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Why is Lalor hated by her family, why was she ejected by the advertising agency she started, why does literally everyone she meets want to kill her?The answers to all these questions will likely give OCD sufferers reason to get off their meds while giving babyboomers license to continue being s***ty people.
With over fifty years of experience playing acid-dipped battle-axes, Mac Laine easily transcends the film's paltry story and annoyingly analog aesthetics.
She plays, of course a mortality aware loner who decides she wants to change her life with the help of a permanently brought-aback obituary writer (Seyfried) and later on, a sassy little black girl (Lee Dixon) whose tokenism would be offensive if it wasn't so carelessly stilted.
Within the course of a month, Harriet Lalor (Mac Laine) decides to reconstruct her legacy in the following order of importance: touch someone's life unexpectedly, find that certain something extra, be respected by her community and be beloved by friends and family.
What saves The Last Word from ultimately being beyond redemption is the very clear inference that the movie is a fantasy.
It's a very treacly fantasy and one that would needle audiences outside its demographic into a permanent eye-twitch.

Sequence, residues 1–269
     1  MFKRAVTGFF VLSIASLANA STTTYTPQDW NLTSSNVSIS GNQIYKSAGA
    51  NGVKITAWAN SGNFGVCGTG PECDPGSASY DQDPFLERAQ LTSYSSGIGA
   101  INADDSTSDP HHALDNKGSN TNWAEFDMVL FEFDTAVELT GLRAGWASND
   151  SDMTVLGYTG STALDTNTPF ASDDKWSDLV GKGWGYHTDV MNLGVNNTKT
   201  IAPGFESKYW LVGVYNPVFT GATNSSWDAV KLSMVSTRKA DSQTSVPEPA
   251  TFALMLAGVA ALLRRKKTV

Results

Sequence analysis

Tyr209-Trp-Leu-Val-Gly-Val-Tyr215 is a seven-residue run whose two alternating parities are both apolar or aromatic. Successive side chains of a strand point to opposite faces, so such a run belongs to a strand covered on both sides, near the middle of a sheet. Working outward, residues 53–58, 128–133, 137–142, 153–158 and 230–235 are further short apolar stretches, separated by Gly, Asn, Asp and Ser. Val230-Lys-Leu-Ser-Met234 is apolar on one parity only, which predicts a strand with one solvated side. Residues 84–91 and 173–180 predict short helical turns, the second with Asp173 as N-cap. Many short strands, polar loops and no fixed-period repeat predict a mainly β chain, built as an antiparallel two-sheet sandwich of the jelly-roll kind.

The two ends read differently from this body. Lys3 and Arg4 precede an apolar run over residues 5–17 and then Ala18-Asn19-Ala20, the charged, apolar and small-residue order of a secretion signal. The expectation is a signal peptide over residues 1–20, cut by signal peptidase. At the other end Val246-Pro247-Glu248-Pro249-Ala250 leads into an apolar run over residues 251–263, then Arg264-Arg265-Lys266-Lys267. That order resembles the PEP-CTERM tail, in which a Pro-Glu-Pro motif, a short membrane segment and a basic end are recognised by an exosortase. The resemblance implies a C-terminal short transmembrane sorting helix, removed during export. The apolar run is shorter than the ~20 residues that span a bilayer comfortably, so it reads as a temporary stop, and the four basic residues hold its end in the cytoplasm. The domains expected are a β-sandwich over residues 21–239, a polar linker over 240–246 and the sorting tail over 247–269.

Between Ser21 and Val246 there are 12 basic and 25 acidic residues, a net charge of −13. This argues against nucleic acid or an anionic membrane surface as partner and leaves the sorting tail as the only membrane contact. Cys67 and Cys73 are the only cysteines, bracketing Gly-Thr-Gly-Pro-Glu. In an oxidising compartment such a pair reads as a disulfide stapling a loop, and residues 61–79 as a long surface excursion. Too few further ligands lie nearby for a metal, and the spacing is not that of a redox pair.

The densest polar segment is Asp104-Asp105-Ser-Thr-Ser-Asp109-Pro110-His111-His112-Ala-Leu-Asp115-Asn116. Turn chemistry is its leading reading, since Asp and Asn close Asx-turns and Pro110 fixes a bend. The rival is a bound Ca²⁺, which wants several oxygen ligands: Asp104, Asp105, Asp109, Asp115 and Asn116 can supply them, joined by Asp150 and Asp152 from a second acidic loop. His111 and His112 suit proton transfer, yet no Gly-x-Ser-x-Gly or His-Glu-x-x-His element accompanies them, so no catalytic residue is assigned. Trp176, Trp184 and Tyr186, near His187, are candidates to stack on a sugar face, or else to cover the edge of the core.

She does so well playing the quintessential shrew that every other one-note character fades into the background like a white wall against a bright tapestry.
Of course, if sassy repartee alone was enough to elevate a bomb I'd be working for a publication by now.
Big Love received widespread critical acclaim, and earned several major awards and nominations throughout its run.
The third season was nominated for the Primetime Emmy Award for Outstanding Drama Series, and the first three were nominated for the Golden Globe Award for Best Television Series - Drama. Olsen and Will Scheffer, who also served as executive producers.
Harriet (Shirley Mac Laine) is a successful, retired businesswoman who wants to control everything around her until the bitter end.
To make sure her life story is told her way, she pays off her local newspaper to have her obituary written in advance under her watchful eye.
Literally everything else in this film suffers from clumsily sets up reveals and embarrassingly artificial sentiment.